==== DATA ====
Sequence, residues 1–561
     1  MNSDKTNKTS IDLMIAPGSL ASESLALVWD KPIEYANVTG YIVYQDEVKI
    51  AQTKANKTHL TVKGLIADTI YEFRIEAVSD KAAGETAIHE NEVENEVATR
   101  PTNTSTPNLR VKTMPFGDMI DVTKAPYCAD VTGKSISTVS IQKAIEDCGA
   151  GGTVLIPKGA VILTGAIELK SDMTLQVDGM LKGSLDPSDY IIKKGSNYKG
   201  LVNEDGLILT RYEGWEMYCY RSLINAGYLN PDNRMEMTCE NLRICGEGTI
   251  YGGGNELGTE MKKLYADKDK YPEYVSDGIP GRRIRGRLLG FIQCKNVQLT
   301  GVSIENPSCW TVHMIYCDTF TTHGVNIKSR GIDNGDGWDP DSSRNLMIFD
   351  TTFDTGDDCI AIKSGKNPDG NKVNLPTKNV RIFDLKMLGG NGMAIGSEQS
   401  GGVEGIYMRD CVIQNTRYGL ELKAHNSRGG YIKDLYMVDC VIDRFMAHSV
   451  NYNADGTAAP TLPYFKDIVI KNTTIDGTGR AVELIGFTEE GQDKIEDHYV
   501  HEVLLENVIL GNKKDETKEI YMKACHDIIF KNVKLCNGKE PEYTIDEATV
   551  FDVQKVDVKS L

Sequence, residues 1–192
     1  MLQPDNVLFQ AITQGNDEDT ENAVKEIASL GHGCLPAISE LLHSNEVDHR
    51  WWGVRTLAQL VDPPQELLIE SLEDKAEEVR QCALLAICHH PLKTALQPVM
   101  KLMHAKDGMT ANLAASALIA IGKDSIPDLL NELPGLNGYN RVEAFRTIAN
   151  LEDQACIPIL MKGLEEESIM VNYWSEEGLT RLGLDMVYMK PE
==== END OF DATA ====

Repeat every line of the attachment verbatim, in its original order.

Sequence, residues 1–561
     1  MNSDKTNKTS IDLMIAPGSL ASESLALVWD KPIEYANVTG YIVYQDEVKI
    51  AQTKANKTHL TVKGLIADTI YEFRIEAVSD KAAGETAIHE NEVENEVATR
   101  PTNTSTPNLR VKTMPFGDMI DVTKAPYCAD VTGKSISTVS IQKAIEDCGA
   151  GGTVLIPKGA VILTGAIELK SDMTLQVDGM LKGSLDPSDY IIKKGSNYKG
   201  LVNEDGLILT RYEGWEMYCY RSLINAGYLN PDNRMEMTCE NLRICGEGTI
   251  YGGGNELGTE MKKLYADKDK YPEYVSDGIP GRRIRGRLLG FIQCKNVQLT
   301  GVSIENPSCW TVHMIYCDTF TTHGVNIKSR GIDNGDGWDP DSSRNLMIFD
   351  TTFDTGDDCI AIKSGKNPDG NKVNLPTKNV RIFDLKMLGG NGMAIGSEQS
   401  GGVEGIYMRD CVIQNTRYGL ELKAHNSRGG YIKDLYMVDC VIDRFMAHSV
   451  NYNADGTAAP TLPYFKDIVI KNTTIDGTGR AVELIGFTEE GQDKIEDHYV
   501  HEVLLENVIL GNKKDETKEI YMKACHDIIF KNVKLCNGKE PEYTIDEATV
   551  FDVQKVDVKS L

Sequence, residues 1–192
     1  MLQPDNVLFQ AITQGNDEDT ENAVKEIASL GHGCLPAISE LLHSNEVDHR
    51  WWGVRTLAQL VDPPQELLIE SLEDKAEEVR QCALLAICHH PLKTALQPVM
   101  KLMHAKDGMT ANLAASALIA IGKDSIPDLL NELPGLNGYN RVEAFRTIAN
   151  LEDQACIPIL MKGLEEESIM VNYWSEEGLT RLGLDMVYMK PE